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Now is a good time of the year for whale sightings. A number of people have reported their good fortune to see whales along our coast.

  • a pod of Orcas (or Killer Whales) spotted just off the Split Point Lighthouse at Aireys Inlet.
  • a large pod of Dolphins, with young ones, swimming in the ocean off the Anglesea River.
  • a person paddling a board, in water near Jan Juc, experienced a close encounter with a Southern Right Whale, which appeared just a few metres away.

The easterly storms have caused deaths among some of our small marine animals. A larger number of dead birds and cuttle-fish than usual have been washed up along the local beaches, including eight Little Penguins, which were found on the beach at the mouth of the Anglesea River.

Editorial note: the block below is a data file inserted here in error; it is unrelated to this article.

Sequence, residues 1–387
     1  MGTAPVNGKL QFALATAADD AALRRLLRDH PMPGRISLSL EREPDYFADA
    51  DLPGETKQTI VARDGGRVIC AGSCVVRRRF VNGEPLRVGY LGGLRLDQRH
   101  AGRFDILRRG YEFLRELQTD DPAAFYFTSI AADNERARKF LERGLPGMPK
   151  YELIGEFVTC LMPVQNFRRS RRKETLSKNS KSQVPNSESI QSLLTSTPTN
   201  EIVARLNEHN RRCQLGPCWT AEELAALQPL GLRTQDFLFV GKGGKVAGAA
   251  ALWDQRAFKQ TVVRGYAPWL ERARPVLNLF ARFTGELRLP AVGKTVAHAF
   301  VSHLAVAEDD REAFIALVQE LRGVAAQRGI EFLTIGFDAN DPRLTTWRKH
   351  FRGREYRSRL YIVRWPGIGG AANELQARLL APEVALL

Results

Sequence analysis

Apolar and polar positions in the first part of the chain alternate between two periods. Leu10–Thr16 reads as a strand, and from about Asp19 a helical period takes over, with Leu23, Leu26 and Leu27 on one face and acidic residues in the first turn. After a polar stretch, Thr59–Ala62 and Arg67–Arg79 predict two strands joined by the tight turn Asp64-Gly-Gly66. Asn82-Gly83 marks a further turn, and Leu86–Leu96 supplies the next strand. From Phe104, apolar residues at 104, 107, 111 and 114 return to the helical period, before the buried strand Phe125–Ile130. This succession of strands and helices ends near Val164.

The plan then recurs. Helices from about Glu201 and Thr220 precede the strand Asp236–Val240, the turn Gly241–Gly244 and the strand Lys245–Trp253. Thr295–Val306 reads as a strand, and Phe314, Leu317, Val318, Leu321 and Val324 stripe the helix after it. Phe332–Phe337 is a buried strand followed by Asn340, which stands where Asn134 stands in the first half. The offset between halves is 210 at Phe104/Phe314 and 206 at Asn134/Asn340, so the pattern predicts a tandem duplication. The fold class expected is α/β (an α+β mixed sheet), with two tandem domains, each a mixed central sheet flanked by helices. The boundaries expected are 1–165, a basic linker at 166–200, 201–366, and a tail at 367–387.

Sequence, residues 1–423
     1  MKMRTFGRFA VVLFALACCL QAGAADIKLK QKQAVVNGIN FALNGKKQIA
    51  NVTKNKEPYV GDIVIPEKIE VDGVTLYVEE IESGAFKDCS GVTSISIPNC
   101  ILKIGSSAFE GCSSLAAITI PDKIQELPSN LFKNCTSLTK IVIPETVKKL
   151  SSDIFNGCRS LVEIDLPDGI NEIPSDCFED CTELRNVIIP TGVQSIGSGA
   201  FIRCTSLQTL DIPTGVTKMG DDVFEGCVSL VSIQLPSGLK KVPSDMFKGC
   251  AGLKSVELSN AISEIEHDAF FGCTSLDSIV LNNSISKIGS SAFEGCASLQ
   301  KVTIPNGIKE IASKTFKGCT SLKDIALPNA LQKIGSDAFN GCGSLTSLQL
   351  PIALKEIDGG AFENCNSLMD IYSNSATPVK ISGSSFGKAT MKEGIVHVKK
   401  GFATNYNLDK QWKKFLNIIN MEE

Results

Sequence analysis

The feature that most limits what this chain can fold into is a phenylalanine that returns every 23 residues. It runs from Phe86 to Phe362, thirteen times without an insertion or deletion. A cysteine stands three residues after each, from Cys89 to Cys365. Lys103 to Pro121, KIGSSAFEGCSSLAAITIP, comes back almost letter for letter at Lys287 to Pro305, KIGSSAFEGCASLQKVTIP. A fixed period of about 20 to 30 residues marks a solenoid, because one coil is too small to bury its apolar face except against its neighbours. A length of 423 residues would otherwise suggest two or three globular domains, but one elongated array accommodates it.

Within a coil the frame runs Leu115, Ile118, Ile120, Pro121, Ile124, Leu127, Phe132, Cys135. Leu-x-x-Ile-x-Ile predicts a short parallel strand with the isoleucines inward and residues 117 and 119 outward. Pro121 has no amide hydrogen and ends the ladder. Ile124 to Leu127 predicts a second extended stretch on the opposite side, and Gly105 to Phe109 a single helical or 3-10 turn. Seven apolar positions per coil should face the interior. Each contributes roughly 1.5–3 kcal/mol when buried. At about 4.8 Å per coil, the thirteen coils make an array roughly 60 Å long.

GORCC Conservation Team members have seen tracks, which they think are those of Southern Brown Bandicoots, in the dunes at Point Roadknight, and between Fairhaven Surf Life Saving Club and Moggs Creek. They intend to follow up with spotlighting later, when the weather is finer. Another Southern Brown Bandicoot roadkill was found at Aireys Inlet.

A White Goshawk was observed at Coogoorah Park.

Several albatrosses were seen at Point Addis, including one Yellow-nosed, three Black-browed and about twenty Shy Albatrosses. A small group of about thirty Fluttering and Hutton’s Shearwaters were seen nearby.

A young Southern Giant Petrel spent a day or so on the water at the edge of Lorne Pier, enjoying fish scraps as the fishermen were reeling in their catches.

Although it is still mid-Winter, there are signs of some bird-nesting activity, with Ravens and Magpies flying with nesting material, and Raptors involved in aerial courtship behaviour.

Mike and Kaye Traynor